Host: Myroodah Station
Written by Pam Daniell – Manager, Myroodah.
Welcome back and Hello to the readers of Central Station and the week of stories from “Myroodah”. You can go back through this site and read our previous blogs from 2013 and also read our profile page which gives an introduction to who we are and what we do. But to ease you in again this year I thought I’d start with a brief description to set the scene . . .
Myroodah Station is just over 400,000 hectares and we are situated in the West Kimberley region of Western Australia. Broome is our closest major centre which is just under a three hour drive during the dry season. It is a LOT further in the wet season as we cannot cross the Fitzroy River which is our northern boundary and a low causeway crossing on the main access road.
The Indigenous Land Corporation owns Myroodah Station and although the core business is running 22,000 beef cattle, the other main focus is on training and employing Indigenous staff. My husband Chris is the Manager of Myroodah and we have been here in this role for three years now.
This year we have a great group of staff who have predominantly returned from the previous year/s. We have many new faces also, as our new intake of students undertaking a Traineeship in Agriculture has now commenced. There are 22 staff in total currently on Myroodah.
Most of our employees here work from daylight to dusk, apart from our cook who starts well before daylight but gets to rest during the day. There is not a whole lot of spare time for anyone during the mustering season. At the end of the day I wonder where the blokes get their energy to bound around the floodlit basketball ½ court before or after dinner. Their skills always amaze me! On a quieter evening I love to see them sit around playing the guitar and singing along.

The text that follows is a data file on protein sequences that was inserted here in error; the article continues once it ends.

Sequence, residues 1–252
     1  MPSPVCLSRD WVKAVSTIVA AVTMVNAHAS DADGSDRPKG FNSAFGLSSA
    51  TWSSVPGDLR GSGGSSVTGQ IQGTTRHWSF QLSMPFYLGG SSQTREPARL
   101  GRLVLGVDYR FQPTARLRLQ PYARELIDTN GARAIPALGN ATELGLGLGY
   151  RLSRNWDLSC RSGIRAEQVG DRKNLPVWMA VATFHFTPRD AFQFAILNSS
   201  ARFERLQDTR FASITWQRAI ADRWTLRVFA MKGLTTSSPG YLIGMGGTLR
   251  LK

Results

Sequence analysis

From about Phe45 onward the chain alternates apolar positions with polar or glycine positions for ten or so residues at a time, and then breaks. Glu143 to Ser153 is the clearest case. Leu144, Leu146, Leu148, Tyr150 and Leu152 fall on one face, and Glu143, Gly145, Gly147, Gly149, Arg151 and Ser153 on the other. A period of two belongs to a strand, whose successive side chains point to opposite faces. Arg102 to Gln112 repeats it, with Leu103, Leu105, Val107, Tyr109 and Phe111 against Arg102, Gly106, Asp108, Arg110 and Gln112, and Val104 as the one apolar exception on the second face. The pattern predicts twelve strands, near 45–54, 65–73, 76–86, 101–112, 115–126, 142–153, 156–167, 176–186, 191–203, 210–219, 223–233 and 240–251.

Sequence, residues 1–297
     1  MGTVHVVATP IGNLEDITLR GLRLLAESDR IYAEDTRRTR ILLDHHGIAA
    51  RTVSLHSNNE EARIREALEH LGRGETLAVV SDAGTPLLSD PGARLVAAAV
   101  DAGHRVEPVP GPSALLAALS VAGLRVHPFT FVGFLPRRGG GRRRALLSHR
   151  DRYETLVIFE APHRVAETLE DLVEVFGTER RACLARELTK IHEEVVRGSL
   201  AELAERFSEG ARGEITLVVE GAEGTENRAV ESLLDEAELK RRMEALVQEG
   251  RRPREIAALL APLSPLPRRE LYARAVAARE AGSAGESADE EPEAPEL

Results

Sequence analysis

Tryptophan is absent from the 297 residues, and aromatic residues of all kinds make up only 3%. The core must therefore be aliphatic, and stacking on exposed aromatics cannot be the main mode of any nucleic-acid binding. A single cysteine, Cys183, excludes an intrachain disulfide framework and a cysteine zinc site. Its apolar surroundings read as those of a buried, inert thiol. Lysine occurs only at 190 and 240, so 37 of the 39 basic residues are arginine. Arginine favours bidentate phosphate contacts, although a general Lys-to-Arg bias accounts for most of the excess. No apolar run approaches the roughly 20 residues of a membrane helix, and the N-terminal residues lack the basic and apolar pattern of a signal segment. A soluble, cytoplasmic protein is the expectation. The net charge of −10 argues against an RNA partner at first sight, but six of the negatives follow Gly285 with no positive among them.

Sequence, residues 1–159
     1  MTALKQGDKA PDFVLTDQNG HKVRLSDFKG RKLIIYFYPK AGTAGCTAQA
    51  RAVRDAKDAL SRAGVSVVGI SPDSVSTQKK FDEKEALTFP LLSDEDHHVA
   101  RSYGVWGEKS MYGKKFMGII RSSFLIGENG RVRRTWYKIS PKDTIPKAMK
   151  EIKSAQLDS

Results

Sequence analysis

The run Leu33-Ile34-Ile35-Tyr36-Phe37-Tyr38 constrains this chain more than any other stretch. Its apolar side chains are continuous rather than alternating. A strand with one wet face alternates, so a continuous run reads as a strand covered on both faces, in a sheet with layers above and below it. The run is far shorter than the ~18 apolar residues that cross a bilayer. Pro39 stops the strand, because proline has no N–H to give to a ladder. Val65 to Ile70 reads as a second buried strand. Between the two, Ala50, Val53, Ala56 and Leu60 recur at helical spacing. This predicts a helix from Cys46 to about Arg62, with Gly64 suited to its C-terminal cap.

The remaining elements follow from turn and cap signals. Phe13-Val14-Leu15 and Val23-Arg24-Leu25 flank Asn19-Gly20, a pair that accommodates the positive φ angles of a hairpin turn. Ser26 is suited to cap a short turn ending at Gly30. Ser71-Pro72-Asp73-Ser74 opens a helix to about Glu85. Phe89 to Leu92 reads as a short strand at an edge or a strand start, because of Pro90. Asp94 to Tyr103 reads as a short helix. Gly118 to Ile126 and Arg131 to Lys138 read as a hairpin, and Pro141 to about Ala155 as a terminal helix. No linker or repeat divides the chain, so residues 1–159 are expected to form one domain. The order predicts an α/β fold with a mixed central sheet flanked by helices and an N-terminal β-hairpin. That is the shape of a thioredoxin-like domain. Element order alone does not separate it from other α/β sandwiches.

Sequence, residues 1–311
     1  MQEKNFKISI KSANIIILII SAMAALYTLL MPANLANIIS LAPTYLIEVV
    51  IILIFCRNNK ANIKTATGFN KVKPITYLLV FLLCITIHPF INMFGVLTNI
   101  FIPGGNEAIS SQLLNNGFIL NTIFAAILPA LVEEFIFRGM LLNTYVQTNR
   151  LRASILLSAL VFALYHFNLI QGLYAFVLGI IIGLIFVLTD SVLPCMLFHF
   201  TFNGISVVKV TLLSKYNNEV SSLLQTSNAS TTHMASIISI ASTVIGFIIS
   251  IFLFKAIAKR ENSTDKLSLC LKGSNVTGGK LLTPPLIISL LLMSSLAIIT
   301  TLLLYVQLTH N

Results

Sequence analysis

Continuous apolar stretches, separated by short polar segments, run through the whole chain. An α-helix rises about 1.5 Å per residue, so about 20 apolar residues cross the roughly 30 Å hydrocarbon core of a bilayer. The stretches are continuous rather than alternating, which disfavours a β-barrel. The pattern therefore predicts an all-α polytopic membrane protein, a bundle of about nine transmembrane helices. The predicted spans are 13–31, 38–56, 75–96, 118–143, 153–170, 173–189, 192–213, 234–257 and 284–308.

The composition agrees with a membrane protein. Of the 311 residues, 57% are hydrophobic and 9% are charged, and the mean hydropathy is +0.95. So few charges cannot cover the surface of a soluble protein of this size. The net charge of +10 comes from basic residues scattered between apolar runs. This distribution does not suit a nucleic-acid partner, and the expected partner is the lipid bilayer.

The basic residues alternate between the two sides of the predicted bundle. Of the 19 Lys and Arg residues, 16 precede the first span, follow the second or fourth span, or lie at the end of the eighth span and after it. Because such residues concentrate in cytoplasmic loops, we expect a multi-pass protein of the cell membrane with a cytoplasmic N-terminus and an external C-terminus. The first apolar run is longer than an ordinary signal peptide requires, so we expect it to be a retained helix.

On a day off, the staff will often go and find some traditional bushtucker – Goanna is a favourite – and they will cook it up on the coals down on the sand bank at the Fitzroy River and relax the rest of the day away.
The crew genuinely seem happy to be here. They love the bush and have common interests and a similar cultural background. Most are here because they want to be away from town and community life and the negative influence and pressures that come with that . . . and they want to follow in their grand-father’s footsteps and lead a fulfilling life in the bush.